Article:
InvestEngine reports ETFs tracking equity indexes dominate investor choice in the UK

Andrey Dobrynin, InvestEngine

The UK-based DIY investment platform InvestEngine’s managing director, Andrey Dobrynin has written a specialist commentary on investor appetite for ETFs over 2021.

“Investors have increasingly turned to ETFs for a simple, low-cost way to put their money into the stock market. This year has seen record inflows, with investors pouring billions into popular funds such as iShares Core MSCI World ETF and Vanguard S&P 500 ETF,” Dobrynin writes.

“As stock markets have continued to recover following their Covid crash of early 2020, many investors have enjoyed good returns from ETFs tracking equity indexes. Bond ETFs, which are generally less popular with investors, have suffered in 2021 as concerns about rising inflation have hit US Treasuries, UK Gilts and other major bond markets.”

Dobrynin notes that among InvestEngine’s DIY investors, the most bought ETFs have been equity funds including HSBC MSCI World, iShares Core S&P 500 and Vanguard FTSE Developed World, with iShares Physical Gold ETC a favoured non-equity pick. 

“Commission-free investing is no longer a novelty of app-based start-ups — even some of the biggest platforms are moving in this direction,” Dobrynin writes. “At the same time, some of the pioneers of ‘free’ investing are reaching scale, showing that this customer-friendly business model can be sustainable.
“It comes as no surprise that the ‘old guard’ investment platforms are changing their ways. It reinforces what we have seen with our customers for some time: investors want an accessible app-based service, user-friendly features and the lowest cost possible.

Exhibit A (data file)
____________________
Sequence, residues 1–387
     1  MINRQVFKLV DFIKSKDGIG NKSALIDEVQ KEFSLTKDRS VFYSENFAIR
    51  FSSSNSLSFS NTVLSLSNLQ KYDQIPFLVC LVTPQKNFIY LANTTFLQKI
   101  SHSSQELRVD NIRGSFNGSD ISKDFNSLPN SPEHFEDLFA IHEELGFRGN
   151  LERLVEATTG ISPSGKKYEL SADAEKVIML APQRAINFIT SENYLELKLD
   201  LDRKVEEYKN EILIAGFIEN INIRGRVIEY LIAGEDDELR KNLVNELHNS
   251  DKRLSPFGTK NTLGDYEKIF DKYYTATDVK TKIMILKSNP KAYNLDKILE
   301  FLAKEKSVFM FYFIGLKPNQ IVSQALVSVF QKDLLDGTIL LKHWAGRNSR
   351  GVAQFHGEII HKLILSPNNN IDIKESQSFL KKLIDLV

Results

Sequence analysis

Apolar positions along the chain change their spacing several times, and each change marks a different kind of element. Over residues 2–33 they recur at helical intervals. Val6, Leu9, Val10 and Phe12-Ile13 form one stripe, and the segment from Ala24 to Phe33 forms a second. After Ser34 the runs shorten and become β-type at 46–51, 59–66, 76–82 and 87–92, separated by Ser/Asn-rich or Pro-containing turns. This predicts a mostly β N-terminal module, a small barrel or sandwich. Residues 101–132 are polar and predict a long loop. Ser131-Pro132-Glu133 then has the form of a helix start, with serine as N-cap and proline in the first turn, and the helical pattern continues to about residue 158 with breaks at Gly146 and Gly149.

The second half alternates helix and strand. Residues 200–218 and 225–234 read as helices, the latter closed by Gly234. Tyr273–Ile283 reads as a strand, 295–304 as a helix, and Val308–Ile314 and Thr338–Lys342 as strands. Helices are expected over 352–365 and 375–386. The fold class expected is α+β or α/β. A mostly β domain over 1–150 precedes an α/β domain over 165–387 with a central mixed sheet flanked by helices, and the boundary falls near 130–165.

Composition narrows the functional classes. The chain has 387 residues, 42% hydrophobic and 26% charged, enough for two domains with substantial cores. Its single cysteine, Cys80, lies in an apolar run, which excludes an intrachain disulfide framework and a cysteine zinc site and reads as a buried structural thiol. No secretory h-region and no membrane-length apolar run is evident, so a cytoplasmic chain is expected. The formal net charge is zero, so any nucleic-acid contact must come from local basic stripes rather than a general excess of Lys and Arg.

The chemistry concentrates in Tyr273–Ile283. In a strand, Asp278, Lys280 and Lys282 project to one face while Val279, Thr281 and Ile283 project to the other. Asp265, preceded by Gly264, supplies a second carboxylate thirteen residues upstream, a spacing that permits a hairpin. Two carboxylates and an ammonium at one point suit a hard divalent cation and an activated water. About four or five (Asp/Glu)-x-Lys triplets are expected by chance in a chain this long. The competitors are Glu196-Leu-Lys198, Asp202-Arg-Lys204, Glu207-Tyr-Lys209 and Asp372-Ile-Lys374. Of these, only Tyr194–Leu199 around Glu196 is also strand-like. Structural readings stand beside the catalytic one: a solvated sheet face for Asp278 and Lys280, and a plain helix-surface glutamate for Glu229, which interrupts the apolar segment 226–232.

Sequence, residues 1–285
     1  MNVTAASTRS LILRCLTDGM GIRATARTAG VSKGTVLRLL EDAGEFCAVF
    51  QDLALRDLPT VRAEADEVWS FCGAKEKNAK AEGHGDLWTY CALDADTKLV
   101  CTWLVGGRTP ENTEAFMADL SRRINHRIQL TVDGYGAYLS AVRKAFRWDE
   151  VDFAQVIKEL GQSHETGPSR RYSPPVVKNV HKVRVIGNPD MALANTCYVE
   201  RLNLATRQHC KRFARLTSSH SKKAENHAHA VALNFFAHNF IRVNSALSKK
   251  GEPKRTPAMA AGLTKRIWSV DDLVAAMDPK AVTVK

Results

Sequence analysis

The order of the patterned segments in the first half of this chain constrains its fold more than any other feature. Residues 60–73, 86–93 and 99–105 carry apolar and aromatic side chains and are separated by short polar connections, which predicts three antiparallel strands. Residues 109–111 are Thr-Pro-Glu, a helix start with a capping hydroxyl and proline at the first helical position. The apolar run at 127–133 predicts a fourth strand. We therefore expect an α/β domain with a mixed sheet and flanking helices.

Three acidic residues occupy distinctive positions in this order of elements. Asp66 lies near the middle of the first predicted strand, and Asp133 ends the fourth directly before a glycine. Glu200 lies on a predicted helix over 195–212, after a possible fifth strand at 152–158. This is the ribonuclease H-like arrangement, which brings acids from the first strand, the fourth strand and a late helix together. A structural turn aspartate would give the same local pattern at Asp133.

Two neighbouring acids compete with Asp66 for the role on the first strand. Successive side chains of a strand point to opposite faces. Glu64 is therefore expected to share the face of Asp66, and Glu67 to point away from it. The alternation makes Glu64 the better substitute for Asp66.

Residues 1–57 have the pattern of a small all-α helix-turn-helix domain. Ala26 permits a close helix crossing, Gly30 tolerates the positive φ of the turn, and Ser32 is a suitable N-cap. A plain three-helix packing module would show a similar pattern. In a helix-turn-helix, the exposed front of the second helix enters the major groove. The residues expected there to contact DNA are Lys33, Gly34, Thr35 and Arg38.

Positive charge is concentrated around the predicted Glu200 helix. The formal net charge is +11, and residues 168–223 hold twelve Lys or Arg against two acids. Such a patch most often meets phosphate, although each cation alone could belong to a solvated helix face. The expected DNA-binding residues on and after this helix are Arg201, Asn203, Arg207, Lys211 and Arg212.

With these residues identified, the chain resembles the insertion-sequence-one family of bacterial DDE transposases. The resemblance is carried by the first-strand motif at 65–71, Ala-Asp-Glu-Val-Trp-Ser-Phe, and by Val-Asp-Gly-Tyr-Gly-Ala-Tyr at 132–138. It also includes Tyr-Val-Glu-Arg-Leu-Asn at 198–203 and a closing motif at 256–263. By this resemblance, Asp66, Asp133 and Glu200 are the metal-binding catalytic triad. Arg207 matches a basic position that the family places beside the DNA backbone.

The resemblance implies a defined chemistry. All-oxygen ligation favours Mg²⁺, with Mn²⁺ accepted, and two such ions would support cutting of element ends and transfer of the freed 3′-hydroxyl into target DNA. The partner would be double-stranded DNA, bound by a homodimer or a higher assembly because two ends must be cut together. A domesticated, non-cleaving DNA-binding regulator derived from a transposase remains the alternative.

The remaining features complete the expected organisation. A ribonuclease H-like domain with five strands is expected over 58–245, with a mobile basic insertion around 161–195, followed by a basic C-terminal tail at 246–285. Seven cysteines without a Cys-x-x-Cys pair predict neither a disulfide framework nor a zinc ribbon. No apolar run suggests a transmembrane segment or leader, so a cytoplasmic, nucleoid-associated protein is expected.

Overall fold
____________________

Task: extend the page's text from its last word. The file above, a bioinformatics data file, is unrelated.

“With price competition likely to remain fierce, investors should keep their eyes open for less obvious service charges such as for ISAs and foreign exchange, while also considering the tools and features a platform may offer.”

Dobrynin notes that increased awareness of climate change issues, spotlighted recently by COP26, has been a key driver for ESG [Environmental, Social and Governance] investment in 2021. 

“For some ETF companies, inflows to their ESG ranges have even beaten those into their non-ESG funds. The number of ESG-screened ETFs has multiplied over the past year and we expect this growth to carry forward into 2022.

“ETFs focused on energy transition and other themes such as cyber security and digitalisation have caught investors’ imagination, with iShares Global Clean Energy ETF and WisdomTree Cloud Computing ETF among the popular picks.” 

Dobrynin writes that as inflation climbs higher, debate continues about when interest rates will rise and by how much. “But while inflation and rate rises may spark stock market volatility, returns on cash are likely to remain disappointing for some time yet,” he says.

“With many savings accounts paying minimal interest of 0.1 per cent or less, is a rate hike or two from the Bank of England really going to transform the appeal of cash — particularly when inflation of 4 per cent or more means savers are still losing money in real terms?

“Individuals investing for the longer term should therefore see market volatility as an opportunity to top up their portfolios at a potentially lower price, rather than a reason to head for the ‘safety’ of cash.” 

Dobrynin notes that increased interest in investing since the pandemic, along with the accessibility provided by the new generation of investment apps and platforms, have been steps in the right direction for transforming the savings habits of the British public.

“But making investing easier remains an ongoing challenge. ETFs, with their simplicity, low costs and diversification are ideal building blocks for investors wanting to put together a long-term portfolio. Platforms and apps should also be looking to use the power of digital technology to create tools and features that save time and effort, whether auto-investing customers’ cash or bringing ‘deep dive’ transparency to their investment holdings.” 

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Beverly Chandler
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